Transforming borders : Chicana/o popular culture and pedagogy
- Elenes, C. Alejandra, 1958-
- Lanham, Md. : Lexington Books, c2011.
- Physical description
- xv, 219 p. : ill. ; 24 cm.
LC2670 .E54 2011
- Unknown LC2670 .E54 2011
- Includes bibliographical references (p. 179-207) and index.
- Chapter 1 Introduction Chapter 2 Chapter 1: From the Historical Borderland to Borderlands/La Frontera:Border Studies and Borderland Theorization Chapter 3 Chapter 2: Borderland Epistemologies, Subjectivities, and Feminism: Toward Border/Transformative Pedagogies Chapter 4 Chapter 3: La Llorona: Decolonial and Anti-Patriarchal Cultural Politics Chapter 5 Chapter 4: The Virgin of Guadalupe: Spirituality, Desire, Consumption, and Transformation Chapter 6 Chapter 5: Malintzin/Marina/Malinche: Embodying History/Reclaiming Our Voice Chapter 7 Chapter 6: Re-Mapping Transformative Pedagogies: New Tribalism and Social Justice.
- (source: Nielsen Book Data)
- Publisher's Summary
- Transforming Borders: Chicana/o Popular Culture and Pedagogy contributes to transformative pedagogies scholarship by adding the voices of Chicana feminist pedagogies, epistemologies, and ontologies. C. Alejandra Elenes develops her conceptualizations of border/transformative pedagogies by linking the relationship between cultural practices, knowledge, and teaching in everyday life. She analyzes Chicana feminist cultural workers/educational actors re-imagining three Mexican figures: La Llorona (the weeping woman), the Virgen of Guadalupe, and Malintzin/Malinche as epistemological and pedagogical meanings. The three figures represent multiple meanings: traditional views on femininity, religion, and nationalist views on women, yet at the same time, feminists have re-imagined these three figures and developed counter-narratives that can offer alternatives to the traditional meanings. In developing border/transformative pedagogies, Elenes looks at the significance of historical events, such as the creation of the Mexico-U.S. border, to understand the experiences of people of Mexican descent in the United States. She also examines oral histories of the legend of La Llorona in the Southwest, historical documents on the Spanish conquest of Mexico, and Chicana artists such as Ester Hernandez, Yolanda Lopez, Consuelo Jimenez Underwood, and Alma Lopez re-imagining of the Virgen of Guadalupe. The conflicts over the meanings of the three figures can help us understand how Chicanas have used their voices to counter economic and gender inequalities and how pedagogical practices show that cultural productions are sites where forms of domination can be contested and recreated in ways that allow for the creation of alternative identities and subjectivities.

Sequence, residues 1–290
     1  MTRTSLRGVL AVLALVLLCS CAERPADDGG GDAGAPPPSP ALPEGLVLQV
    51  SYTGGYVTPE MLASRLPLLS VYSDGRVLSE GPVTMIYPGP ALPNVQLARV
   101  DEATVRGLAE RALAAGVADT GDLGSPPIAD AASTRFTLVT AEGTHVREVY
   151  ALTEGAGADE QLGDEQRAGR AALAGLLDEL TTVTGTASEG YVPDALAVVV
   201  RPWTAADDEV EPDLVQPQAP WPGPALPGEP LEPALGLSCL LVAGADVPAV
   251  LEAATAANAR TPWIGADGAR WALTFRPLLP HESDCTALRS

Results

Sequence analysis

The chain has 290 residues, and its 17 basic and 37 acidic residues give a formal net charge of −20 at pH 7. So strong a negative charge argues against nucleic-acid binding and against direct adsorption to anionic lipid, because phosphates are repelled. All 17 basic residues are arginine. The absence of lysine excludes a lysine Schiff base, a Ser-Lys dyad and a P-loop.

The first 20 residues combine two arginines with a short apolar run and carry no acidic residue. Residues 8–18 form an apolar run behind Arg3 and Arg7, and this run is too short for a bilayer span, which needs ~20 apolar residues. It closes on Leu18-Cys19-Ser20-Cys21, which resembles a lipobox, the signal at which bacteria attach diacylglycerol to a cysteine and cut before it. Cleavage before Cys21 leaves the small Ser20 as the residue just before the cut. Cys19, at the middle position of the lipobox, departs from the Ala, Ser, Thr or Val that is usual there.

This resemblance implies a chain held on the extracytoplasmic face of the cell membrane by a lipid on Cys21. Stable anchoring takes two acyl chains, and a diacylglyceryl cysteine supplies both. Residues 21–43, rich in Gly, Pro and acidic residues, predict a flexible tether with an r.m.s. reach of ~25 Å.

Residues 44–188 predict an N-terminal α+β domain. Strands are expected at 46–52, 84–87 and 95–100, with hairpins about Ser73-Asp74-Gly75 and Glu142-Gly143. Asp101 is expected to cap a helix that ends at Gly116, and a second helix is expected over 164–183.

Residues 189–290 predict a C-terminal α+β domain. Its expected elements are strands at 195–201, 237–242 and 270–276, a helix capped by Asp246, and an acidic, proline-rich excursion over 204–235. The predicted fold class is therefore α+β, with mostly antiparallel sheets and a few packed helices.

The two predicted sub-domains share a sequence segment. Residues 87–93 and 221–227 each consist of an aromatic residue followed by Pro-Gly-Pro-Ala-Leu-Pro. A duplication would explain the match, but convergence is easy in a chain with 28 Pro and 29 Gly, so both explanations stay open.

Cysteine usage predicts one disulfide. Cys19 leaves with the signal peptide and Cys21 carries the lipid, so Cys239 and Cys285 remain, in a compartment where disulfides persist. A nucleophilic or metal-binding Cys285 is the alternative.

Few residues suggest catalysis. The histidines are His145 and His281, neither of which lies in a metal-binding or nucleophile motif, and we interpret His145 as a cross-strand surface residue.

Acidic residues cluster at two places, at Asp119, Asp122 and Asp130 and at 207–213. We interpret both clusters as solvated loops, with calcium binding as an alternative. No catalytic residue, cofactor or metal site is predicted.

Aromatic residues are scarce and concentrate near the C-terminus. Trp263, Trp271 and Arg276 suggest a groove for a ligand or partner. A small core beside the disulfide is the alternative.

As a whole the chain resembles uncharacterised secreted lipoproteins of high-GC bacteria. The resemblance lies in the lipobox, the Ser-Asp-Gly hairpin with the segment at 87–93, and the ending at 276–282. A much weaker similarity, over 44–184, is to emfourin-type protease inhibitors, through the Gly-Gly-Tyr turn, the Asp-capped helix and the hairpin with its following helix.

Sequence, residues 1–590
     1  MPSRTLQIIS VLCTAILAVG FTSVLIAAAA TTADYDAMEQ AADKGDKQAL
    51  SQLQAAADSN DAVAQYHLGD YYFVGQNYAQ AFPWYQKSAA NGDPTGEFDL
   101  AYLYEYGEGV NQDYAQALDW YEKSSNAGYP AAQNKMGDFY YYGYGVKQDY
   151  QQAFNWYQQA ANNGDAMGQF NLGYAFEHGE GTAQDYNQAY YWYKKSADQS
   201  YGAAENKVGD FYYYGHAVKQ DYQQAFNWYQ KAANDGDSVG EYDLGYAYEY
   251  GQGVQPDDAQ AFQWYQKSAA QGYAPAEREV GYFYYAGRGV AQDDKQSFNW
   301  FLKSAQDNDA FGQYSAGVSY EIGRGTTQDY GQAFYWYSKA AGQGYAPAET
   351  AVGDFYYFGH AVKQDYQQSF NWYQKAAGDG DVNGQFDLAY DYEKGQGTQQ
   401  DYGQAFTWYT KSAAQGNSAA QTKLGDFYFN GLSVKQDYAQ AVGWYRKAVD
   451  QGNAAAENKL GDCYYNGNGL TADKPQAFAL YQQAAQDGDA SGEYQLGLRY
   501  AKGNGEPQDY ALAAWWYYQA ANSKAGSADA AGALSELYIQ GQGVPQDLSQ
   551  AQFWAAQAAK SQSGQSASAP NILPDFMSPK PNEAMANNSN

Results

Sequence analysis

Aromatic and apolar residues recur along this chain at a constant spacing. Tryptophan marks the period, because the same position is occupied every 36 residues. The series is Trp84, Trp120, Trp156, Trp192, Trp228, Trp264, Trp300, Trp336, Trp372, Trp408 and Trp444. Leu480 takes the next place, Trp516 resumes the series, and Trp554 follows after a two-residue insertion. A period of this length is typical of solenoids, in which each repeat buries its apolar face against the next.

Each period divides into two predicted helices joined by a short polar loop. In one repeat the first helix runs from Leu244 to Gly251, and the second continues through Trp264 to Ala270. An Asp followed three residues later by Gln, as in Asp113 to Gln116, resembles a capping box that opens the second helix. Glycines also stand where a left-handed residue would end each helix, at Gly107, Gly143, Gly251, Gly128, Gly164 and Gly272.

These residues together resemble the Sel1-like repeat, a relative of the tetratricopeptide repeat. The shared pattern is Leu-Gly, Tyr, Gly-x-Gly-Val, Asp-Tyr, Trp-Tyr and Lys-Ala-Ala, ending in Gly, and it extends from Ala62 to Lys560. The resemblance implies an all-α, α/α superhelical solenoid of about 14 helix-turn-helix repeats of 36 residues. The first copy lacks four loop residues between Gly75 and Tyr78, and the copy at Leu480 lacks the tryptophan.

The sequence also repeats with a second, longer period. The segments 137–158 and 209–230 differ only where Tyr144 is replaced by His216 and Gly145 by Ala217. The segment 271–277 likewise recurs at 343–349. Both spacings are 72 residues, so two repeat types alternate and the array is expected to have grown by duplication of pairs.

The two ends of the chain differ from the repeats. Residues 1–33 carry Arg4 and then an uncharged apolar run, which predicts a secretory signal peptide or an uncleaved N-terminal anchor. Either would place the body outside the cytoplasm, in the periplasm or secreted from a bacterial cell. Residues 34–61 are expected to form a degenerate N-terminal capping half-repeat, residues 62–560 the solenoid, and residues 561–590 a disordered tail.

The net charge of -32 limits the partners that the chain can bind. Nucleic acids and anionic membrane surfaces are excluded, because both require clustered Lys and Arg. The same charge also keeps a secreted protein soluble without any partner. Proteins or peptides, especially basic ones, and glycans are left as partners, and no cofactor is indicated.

(source: Nielsen Book Data)
- Publication date
- C. Alejandra Elenes.